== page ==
5 Filters

Why low confidence doesn't always mean inaccurate

Continuing the discussion from Media Lens 'climate change', vs Daily Skeptic, somewhat of a poll of 5F posters:

I’m spinning this little post off from the main thread, as I want to discuss a single point that I hope will help to clarify the somewhat tricky questions of confidence, plausibility and accuracy as applied to a mathematical model.

Let’s take a real life example that has nothing to do with climate change, and hopefully will be a lot easier to get to grips with and explain the situation we’re facing. I’m leaving out almost all the maths and am just concentrating on the basic point around certainty and accuracy.

In 2004, Burnham and Roberts published their (in)famous study of the estimated Iraq war deaths. Because of the difficulty around gathering data in a war zone, and other more mundane problems, the authors were unable to gather a lot of data, and as a result their estimate had a very large confidence interval. The estimate was anywhere from 8,000 to 200,000 deaths resulted from the war.

The sparsity of the data meant that the confidence interval was very large.

The statistical best fit line was somewhere around 100K deaths resulting from the war. However, when questioned further, the authors declared that they thought the true number was a lot higher than that, let’s say somewhere closer to 150K deaths. This statement was criticised by many people who didn’t want to accept this data (particularly the Iraq Body Count folk).

This situation is very, very similar to the hockey stick graph, and the statement by Mann, that he thought that the 1990’s were the warmest decade for 1000 years. Sparse data, wide confidence intervals and a statement that was criticised by a lot of people who don’t want to accept this data.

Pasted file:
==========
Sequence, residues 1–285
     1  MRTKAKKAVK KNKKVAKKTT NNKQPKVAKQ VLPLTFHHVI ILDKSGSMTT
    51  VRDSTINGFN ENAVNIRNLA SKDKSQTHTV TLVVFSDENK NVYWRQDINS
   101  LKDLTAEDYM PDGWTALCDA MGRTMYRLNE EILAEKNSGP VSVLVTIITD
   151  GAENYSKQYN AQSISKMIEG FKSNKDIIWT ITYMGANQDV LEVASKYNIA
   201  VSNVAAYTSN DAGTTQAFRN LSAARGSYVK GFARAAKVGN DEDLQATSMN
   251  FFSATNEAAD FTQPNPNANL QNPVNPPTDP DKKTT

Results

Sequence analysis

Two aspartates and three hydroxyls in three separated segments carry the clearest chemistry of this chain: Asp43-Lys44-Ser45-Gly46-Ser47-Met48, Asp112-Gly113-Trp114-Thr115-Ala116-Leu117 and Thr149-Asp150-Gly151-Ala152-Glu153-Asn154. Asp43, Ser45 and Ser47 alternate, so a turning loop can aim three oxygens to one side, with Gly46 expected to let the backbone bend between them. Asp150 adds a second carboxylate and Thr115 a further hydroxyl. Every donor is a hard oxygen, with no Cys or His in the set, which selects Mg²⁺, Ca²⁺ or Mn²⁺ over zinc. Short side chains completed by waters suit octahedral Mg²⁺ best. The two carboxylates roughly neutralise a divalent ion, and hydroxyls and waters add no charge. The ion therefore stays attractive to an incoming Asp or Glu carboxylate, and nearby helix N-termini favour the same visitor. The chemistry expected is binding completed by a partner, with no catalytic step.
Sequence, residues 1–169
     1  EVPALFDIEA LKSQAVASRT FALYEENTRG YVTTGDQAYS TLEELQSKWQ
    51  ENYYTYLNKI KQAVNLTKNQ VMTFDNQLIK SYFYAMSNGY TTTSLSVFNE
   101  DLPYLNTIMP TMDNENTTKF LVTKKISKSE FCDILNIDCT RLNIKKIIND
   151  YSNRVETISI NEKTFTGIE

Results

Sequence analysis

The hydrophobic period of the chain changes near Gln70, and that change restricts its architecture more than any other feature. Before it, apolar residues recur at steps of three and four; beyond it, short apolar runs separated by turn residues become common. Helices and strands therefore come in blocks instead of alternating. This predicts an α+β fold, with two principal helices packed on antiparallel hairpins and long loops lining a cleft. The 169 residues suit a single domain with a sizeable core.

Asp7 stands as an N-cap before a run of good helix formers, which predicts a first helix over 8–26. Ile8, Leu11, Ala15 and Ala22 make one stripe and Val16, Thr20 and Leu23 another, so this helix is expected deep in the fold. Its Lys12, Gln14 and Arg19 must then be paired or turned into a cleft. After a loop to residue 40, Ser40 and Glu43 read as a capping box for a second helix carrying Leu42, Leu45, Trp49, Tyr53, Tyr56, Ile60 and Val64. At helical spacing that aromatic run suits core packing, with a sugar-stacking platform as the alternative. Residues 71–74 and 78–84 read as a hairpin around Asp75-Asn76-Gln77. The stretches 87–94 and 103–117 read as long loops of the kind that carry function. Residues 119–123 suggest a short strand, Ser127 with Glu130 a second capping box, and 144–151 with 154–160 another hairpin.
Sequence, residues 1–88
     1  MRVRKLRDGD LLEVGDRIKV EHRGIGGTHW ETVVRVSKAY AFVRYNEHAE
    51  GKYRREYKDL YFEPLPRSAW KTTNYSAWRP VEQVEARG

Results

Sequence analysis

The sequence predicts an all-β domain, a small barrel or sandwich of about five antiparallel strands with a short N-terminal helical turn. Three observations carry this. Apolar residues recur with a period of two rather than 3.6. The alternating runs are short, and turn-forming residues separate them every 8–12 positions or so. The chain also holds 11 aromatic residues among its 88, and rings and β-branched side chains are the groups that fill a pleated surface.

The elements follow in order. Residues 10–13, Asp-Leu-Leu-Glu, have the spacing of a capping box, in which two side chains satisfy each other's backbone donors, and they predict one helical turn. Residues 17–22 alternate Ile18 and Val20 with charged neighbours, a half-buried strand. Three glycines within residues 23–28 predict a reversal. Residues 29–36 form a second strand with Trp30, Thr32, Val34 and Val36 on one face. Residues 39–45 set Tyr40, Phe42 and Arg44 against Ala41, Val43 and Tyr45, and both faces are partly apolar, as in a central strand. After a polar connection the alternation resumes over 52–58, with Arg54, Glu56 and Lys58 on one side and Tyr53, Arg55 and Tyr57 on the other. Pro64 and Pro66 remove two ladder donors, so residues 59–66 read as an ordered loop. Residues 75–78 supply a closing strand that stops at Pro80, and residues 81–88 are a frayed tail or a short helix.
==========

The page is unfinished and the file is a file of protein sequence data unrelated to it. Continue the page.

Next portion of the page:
Consider a hearing where a different scientist is questioned (under oath) to comment on the Lancet study: (Q = questioner, A = scientist answers)

Fictional Senate hearing

Q: Do you think that the study is well done, and scientifically valid?
A: Mostly yes. The data was sparse, and not well distributed, but overall the study is important

Q: The authors have stated that, based on the study, their estimate is that over 100K, maybe even 150K people died. What do you think of those numbers?
A: Well… it’s a bit tricky to be sure from the confidence intervals of the published model, but I would say that yes, the number of dead could well be that high. It’s a plausible number.

Q: But the study also says that the true number of dead could be as low as 8K - is that true?
A: Yes, that’s also true, but it seems a lot less likely than the 150K number.

Q: Really? What certainty, or confidence do you have that the 150K number is more accurate? 95? 90% 50%?
A: Actually, given the sparsity of the data, it’s very hard to quantify the 150K number with any confidence at all. The error bars are wide, and the data were very sparse. It’s possible that 150K is true, and given the fact that the study couldn’t actually survey the most dangerous areas with the highest deaths accurately, it’s quite plausible that the true deaths are closer to 150K than 8K, but the numbers in the study don’t give me any way of determining the certainty of that estimate.

Q: So you are saying that you have no actual certainty that the deaths were 150K? Not even 10% certainty?
A: Correct, I can’t give any certainty to the 150K. It’s not possible to quantify how certain that number is.

and … scene

This is very close to what happened in real life with the Iraqi mortality study, and also very similar to what happened in real life with Mann’s hockey stick study.

There was no way under oath for the scientist to come up with a concrete measure of the certainty. It’s a very difficult question. However, it is pretty clear that the 150K number is not only plausible, but given the circumstances, actually likely. In fact, when the study was re-done 2 years later, they confirmed that the 150K number was actually pretty close to the truth.